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Oct 7, 2018 @ 16:03

NBI to probe Zamboanga rice smuggling

The Department of Justice (DOJ) has ordered the National Bureau of Investigation (NBI) to join the ongoing probe on the missing smuggled rice in Zamboanga City.

“I have directed the NBI to assist the Bureau of Customs (BOC) and the National Food Authority (NFA) in the investigation of the missing 23,015 sacks of confiscated smuggled rice in Zamboanga City,” Justice Secretary Menardo Guevarra said in a statement Sunday.

“I will leave it to the NBI Director Gierran to determine if his agents down south could do a credible investigation or the Anti-Smuggling Task Force at the head office should do it,” Guevarra said.

The NBI is one of the attached agencies of the DOJ.

The BOC has already started looking into the facts and incidents that led to the disappearance of the 23,013 sacks of alleged smuggled rice.

Last September 30, President Rodrigo Duterte was upset upon learning of the missing 23,015 sacks of rice that were intercepted from three vessels by the Philippine Coast Guard (PCG), Philippine Drug Enforcement Agency (PDEA) and the Intelligence Service of the Armed Forces of the Philippines (ISAFP) and turned over to the BOC — for inventory and issuance of a warrant of seizure and detention.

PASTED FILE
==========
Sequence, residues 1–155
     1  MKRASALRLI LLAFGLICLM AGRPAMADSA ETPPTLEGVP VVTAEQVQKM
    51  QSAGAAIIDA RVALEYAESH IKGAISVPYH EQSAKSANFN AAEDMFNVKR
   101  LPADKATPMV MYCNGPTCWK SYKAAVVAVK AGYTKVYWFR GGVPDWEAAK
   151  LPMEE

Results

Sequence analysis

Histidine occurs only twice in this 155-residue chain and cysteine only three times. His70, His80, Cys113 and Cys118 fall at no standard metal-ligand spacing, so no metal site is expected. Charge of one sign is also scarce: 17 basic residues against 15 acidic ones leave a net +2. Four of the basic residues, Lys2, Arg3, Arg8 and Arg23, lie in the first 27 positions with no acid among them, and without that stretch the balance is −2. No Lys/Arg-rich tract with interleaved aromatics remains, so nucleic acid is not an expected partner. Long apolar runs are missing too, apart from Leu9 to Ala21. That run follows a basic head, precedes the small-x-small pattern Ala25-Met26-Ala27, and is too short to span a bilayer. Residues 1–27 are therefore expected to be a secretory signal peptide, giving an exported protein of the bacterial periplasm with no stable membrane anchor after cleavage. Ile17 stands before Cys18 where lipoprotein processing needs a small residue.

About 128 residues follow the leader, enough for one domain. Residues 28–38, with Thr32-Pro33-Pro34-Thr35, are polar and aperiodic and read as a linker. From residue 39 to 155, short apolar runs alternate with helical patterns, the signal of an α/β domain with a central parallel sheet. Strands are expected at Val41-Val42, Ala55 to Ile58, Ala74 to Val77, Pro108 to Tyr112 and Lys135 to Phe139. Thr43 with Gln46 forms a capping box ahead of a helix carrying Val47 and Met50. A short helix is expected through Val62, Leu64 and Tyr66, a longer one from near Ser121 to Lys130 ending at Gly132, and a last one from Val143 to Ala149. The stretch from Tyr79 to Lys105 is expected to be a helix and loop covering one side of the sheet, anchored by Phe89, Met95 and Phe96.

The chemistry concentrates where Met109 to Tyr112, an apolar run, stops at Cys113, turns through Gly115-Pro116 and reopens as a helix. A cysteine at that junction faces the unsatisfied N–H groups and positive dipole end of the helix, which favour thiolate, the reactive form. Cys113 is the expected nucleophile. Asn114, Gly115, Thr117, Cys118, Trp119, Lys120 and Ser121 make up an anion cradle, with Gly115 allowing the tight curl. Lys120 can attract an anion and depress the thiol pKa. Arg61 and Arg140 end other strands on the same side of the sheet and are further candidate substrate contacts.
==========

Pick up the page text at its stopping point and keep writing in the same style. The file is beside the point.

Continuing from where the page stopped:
Last October 4, two Customs officials in Zamboanga City have been placed under “administrative relief” pending investigation of the missing sacks of smuggled rice.

Presidential Spokesperson Harry Roque said BOC Chief Isidro Lapeña has ordered the preventive suspension of Port of Zamboanga District Collector Lyceo Martinez and Customs police district commander Filomeno Salazar.

Roque said the two officials were suspended so that they could not “tamper with evidence and cannot influence the investigation.”

“I got a text from the Executive Secretary (Salvador Medialdea) asking me to inform the nation that President (Rodrigo Duterte) was visibly upset with the missing 23,015 sacks of apprehended smuggled rice in Zamboanga City,” Roque said in a Palace briefing.

Roque said the incident showed that there was smuggling, that smuggled rice was being sold in the market, and that there were warehouses that were hoarding rice.

Officials of the BOC could be held liable for the missing sacks of smuggled rice.

To date, 16,000 sacks have been recovered from various privately-owned warehouses. (PNA)


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